Under Armour is sticking to its playbook as it celebrates its 25th anniversary in 2021.
At the company’s annual shareholders meeting Thursday, held virtually, Under Armour executives pointed to women’s wear, footwear, e-commerce and international as among the opportunities for growth in the future.
Over the past few years the Baltimore-based sports brand’s once-high-flying growth had stalled. It saw founder and chief executive officer Kevin Plank turn over the top post to former Aldo and VF Corp. executive Patrik Frisk, who was elevated to that position on Jan. 1, 2020. The company was also under investigation by the U.S. Securities and Exchange Commission and agreed earlier this month to pay $9 million to settle the dispute involving allegedly pulling forward sales of over $400 million to boost revenues in 2015.
But the tide started to turn in the first quarter. In the results released on May 4, the company returned to profitability and raised its full-year outlook.
In addressing shareholders, Plank, Frisk and chief financial officer David Bergman built on this, painting a rosy picture of the future. Plank opened the meeting and presented his signature upbeat, sports-analogy-skewed wrap of the year. Although he acknowledged that Under Armour had faced “challenges” in 2020 as a result of the pandemic, he said that the brand will continue to innovate and adapt as consumers seek performance solutions for their sporting lives. One example, he said, is the UA Sportsmask, which became a popular option for people working out during the health crisis.
As reported, Under Armour has doubled down on its sports roots rather than moving outside its lane to embrace more lifestyle offerings. And while Plank admitted that “it’s still tough out there,” the goal for Under Armour is to emerge from the COVID-19 pandemic as a stronger company.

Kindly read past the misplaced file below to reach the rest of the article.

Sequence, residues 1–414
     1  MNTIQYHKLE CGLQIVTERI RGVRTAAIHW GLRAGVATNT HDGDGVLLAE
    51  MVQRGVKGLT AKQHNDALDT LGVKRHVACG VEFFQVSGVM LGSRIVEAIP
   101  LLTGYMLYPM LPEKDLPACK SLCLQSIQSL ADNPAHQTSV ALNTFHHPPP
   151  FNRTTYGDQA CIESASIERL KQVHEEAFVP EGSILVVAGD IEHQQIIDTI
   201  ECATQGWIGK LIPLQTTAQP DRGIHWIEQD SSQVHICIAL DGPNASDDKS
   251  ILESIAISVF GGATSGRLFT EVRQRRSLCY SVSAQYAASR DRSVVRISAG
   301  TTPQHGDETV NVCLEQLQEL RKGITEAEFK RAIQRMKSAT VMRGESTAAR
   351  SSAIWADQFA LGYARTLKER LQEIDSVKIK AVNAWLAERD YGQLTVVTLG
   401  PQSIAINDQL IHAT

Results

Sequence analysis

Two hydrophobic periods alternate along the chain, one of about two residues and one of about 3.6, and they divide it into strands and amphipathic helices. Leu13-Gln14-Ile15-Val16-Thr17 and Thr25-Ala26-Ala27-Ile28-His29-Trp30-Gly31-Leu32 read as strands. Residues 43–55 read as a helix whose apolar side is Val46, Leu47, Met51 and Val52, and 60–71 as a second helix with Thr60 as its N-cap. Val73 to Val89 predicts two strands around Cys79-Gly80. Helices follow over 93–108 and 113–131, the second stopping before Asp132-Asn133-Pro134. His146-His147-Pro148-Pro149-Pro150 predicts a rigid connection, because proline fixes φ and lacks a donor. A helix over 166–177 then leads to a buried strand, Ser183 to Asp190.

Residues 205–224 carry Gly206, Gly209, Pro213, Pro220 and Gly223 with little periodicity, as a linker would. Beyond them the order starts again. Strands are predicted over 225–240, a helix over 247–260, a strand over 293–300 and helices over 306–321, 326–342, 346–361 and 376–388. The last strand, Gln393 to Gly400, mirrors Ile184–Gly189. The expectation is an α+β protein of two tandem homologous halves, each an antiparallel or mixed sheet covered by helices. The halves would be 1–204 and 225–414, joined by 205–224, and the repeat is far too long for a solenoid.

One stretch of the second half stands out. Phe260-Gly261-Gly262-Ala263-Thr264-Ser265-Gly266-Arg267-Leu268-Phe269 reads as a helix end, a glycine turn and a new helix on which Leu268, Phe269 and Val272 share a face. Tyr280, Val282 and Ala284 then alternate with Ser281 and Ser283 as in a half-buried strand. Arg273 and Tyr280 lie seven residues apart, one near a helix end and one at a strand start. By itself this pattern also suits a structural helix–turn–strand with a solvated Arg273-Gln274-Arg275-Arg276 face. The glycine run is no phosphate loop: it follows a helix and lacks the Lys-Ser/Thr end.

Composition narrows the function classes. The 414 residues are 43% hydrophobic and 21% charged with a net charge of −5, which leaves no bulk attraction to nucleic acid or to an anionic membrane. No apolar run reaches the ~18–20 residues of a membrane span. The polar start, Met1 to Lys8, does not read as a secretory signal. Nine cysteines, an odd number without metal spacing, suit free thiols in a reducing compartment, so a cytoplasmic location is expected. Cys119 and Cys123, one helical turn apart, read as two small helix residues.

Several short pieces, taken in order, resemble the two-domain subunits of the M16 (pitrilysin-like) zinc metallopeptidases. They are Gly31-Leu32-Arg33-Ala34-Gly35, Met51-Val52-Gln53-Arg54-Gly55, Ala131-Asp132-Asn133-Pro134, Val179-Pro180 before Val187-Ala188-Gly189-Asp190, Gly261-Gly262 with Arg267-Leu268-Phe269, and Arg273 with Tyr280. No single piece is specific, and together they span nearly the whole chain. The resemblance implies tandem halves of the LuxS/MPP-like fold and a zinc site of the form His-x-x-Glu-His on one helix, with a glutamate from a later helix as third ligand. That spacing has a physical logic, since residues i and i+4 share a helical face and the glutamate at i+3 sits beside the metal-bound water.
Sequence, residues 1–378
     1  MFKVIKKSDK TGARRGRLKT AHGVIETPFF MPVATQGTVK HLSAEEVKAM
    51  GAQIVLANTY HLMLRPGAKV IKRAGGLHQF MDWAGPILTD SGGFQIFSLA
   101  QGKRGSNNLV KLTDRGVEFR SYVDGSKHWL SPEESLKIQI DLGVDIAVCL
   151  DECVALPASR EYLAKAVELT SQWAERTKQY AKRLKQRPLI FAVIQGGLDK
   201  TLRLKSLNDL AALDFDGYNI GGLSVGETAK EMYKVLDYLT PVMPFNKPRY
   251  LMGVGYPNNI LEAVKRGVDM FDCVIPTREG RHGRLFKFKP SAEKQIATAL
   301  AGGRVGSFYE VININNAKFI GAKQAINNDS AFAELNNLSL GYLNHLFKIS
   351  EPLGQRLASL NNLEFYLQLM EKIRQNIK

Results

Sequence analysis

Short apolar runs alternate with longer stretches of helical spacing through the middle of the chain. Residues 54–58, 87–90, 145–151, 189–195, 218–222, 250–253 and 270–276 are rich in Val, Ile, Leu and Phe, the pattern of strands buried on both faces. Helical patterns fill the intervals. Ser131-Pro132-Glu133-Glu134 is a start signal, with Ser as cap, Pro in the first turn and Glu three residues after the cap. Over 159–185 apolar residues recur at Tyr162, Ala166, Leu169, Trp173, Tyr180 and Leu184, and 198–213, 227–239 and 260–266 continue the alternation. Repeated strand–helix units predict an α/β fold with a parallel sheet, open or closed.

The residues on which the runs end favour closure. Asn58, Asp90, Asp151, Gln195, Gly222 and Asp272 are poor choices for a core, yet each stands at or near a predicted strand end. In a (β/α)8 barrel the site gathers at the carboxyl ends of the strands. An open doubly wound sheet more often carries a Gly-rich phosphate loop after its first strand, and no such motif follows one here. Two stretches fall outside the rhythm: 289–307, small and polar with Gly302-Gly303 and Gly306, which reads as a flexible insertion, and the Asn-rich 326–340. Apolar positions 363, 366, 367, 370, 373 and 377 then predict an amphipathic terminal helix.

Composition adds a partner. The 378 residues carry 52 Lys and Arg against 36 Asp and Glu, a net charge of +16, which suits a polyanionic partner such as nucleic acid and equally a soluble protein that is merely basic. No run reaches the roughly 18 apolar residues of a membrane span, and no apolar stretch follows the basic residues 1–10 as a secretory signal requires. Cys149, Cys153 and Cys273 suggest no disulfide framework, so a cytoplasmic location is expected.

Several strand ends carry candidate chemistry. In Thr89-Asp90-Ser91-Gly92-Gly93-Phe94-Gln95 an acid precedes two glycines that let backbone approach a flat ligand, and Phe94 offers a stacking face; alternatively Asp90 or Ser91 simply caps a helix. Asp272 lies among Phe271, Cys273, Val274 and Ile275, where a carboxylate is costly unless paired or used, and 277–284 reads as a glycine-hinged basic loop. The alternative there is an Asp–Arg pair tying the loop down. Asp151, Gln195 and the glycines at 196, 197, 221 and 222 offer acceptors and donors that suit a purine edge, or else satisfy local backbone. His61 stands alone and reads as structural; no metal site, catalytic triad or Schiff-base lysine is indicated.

He then turned the meeting over to Frisk, who said Under Armour began experiencing increased demand in the second half of last year and that momentum has continued into 2021. Among the bright spots, he said, was e-commerce, which has experienced “incredible growth” and now accounts for nearly 50 percent of the company’s direct-to-consumer sales. In addition, the Hovr footwear range has also managed to “break through,” he said, and the Velociti Wind model that launched in March has helped elevate the range into a more-premium position.
In addition, women’s wear, including tops, bottoms and footwear, has also been a strong performer, Frisk said.
Looking ahead to this year, Frisk said Under Armour remains “focused on what we can control and sticking to our playbook,” and will seek to obtain “more-profitable formats” in retail by continuing to reduce promotional levels, eliminating 2,500 or more “undifferentiated” wholesale accounts in North America and continuing to increase awareness — and sales — internationally, particularly in China and Germany.
Frisk said he expects the popularity of sports participation will continue this year, as will consumers’ propensity for online shopping and Under Armour will seek to address those demands.
“We know there’s a lot more work to do,” Frisk said, and despite the fact that the pandemic is still presenting “a high level of uncertainty,” he remains “appropriately cautious but confident of our future.”